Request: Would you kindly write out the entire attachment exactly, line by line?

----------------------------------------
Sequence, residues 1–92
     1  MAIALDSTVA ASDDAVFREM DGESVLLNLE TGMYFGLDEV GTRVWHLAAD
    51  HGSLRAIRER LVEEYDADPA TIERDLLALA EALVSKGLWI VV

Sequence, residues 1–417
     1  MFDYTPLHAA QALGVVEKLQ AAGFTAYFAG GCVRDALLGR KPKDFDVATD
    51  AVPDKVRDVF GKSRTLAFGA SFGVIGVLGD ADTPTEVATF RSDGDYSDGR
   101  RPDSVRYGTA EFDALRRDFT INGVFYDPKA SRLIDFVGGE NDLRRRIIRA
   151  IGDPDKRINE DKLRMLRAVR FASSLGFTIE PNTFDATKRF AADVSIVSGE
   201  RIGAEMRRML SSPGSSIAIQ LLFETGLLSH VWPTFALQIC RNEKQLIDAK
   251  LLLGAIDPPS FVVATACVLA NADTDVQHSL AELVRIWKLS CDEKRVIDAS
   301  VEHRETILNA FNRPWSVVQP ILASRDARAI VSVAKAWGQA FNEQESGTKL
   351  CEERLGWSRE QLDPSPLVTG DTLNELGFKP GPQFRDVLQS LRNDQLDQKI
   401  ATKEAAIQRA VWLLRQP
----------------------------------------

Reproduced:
Sequence, residues 1–92
     1  MAIALDSTVA ASDDAVFREM DGESVLLNLE TGMYFGLDEV GTRVWHLAAD
    51  HGSLRAIRER LVEEYDADPA TIERDLLALA EALVSKGLWI VV

Sequence, residues 1–417
     1  MFDYTPLHAA QALGVVEKLQ AAGFTAYFAG GCVRDALLGR KPKDFDVATD
    51  AVPDKVRDVF GKSRTLAFGA SFGVIGVLGD ADTPTEVATF RSDGDYSDGR
   101  RPDSVRYGTA EFDALRRDFT INGVFYDPKA SRLIDFVGGE NDLRRRIIRA
   151  IGDPDKRINE DKLRMLRAVR FASSLGFTIE PNTFDATKRF AADVSIVSGE
   201  RIGAEMRRML SSPGSSIAIQ LLFETGLLSH VWPTFALQIC RNEKQLIDAK
   251  LLLGAIDPPS FVVATACVLA NADTDVQHSL AELVRIWKLS CDEKRVIDAS
   301  VEHRETILNA FNRPWSVVQP ILASRDARAI VSVAKAWGQA FNEQESGTKL
   351  CEERLGWSRE QLDPSPLVTG DTLNELGFKP GPQFRDVLQS LRNDQLDQKI
   401  ATKEAAIQRA VWLLRQP